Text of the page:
- LinkedIn—is the quintessential B2B enterprise play; it is relatively outside the mainstream news, but it is executing its strategy of becoming the executive collaboration platform of choice. It has seasoned hands at the tiller, and I expect LinkedIn to drive further into the enterprise in 2010. This also represents a change: in 2007 the company had a competitive stance vis à vis enterprise software providers, now it is partnering with them. If LinkedIn maintains this strategy, it will avoid major transactions; it can play a slow game and will end up rewarding shareholders handsomely. No transactions, but I expect select strategic alliances to continue. As I’ve said for some time, LinkedIn can become the swiss bank of executive profiles, and I was excited to see the unveiling of LinkedIn API Platform go live in November.
- MySpace—constantly surprises me during client work, although it has clearly lost its title as the leading social network to Facebook. However, depending on the demographics of stakeholders, MySpace can be an extremely relevant platform for engaging people, as I’ve repeatedly discovered through client work. Leadership of the company is wandering, and management is delivering relatively little value add, but the community is large. It is the platform most likely to be bought as leadership doesn’t seem to have a strong vision or business strategy. News Corp failed the acquisition and doesn’t seem to have the vision or skills to make it work, so I expect it to unload MySpace, which could only benefit the company.
- Social tech will relentlessly drive rich experience into the cloud, but few people will notice. At a minimum, watch for three key trends and, even better, consider pilots with them.
- Federated identity will gain significant traction. Examples are Facebook Connect and Google FriendConnect, which enable users to use their credentials to log in to third party websites (think “single sign-on” for the Web). This will encourage more mainstream users to interact with Web 2.0 sites, which require logins. More important, however, it will make friends portable. For example, log into CNN.com via Facebook Connect (FC), and your Facebook Friends who are also members of CNN.com will appear when you’re on the site, so you can read their comments or interact with them, and share this on your Facebook Wall. It enables you to interact with Facebook Friends on third-party sites of which you are all members (have logged in with FC). Google FriendConnect is a similar offer except it is not restricted to your “friends” because it doesn’t know who they are. Federated identity + social will rapidly become a mechanism for people to ask their friends for input on buying decisions. It will change how people buy.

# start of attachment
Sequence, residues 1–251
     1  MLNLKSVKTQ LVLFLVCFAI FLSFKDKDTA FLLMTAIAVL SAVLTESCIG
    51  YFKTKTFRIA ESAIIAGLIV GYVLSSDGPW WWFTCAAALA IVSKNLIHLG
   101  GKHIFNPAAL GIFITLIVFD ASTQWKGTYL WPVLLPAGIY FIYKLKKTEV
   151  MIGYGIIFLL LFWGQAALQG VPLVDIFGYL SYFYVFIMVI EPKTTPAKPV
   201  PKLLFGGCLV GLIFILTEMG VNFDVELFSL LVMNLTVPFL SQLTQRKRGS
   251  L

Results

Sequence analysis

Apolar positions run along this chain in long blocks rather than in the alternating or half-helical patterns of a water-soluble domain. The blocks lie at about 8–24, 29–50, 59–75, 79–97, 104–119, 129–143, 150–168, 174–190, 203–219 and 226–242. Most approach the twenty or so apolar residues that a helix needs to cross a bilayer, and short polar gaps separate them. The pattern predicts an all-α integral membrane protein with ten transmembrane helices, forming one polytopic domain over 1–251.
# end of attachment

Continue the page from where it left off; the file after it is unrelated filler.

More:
- Syndication will ramp strongly in 2010. For one example, LinkedIn’s Platform enables developers to syndicate LinkedIn data into enterprise applications. The Web 2.0 ecosystem will see significant advances in 2010 in which experience is the seamless result of content and functionality of multiple properties simultaneously. The rule is, don’t recreate, syndicate. Leverage the ecosystem.
- Widgets have been around forever, but they are vastly neglected as engagement tools. A widget is a mini application whose code normal (i.e. non-tech ,^) people can put on their websites, blogs or social networking profiles. Google FriendConnect is a simple example. Companies thus gain a foothold in others’ websites; however, to win this right, their widgets must do something interesting and valuable, so the person wants to have that functionality on her site. Widgets are another way to create and leverage the ecosystem by letting stakeholders create with your information or functionality.
- Social business models and tactics will see more case studies in 2010, and here are four with which you should at least experiment in 2010:
- Crowdsourcing—loosely means asking the crowd for input or advice on important questions, usually in a transparent venue, so the crowd itself can vet responses, driving up quality and cred. Most executives don’t understand the dynamics of transparent forums, so they overlook the potential, which has three key levers: 1) quality is high due to the crowd’s diversity and ability to evaluate responses; 2) crowdsourcing increases engagement because people feel honored that you are asking their opinion; 3) it is fast and inexpensive. You cannot afford to not crowdsource because you will be harmed by competitors who do. It is not complicated, but you need to develop expertise and approach to how to ask, manage venues and follow up to maximize value. One brilliant enterprise example is Facebook’s globalization strategy.
- Comm-Co—is my term for “community company,” the Threadless’s model. The company serves as an enabler for its online community, which designs products and decides which products are made. I predict that Comm-Co will become widespread for consumer products in general. I’m talking ketchup, apparel, bicycles, tech gadgets, cars. By giving customers a role in designing products or services, you give them a chance to give of themselves, increasing engagement. Give your company to your customers, and your profits will climb. Specifically regarding Threadless, the company has an opportunity to syndicate its business model, as Amazon did. As you remember, Amazon pioneered numerous e-commerce technologies and business processes, and it subsequently used its model to serve as the back end for other companies (i.e. Toysrus, Borders, Target). Did you know that Zappos gives seminars on using culture as a competitive weapon?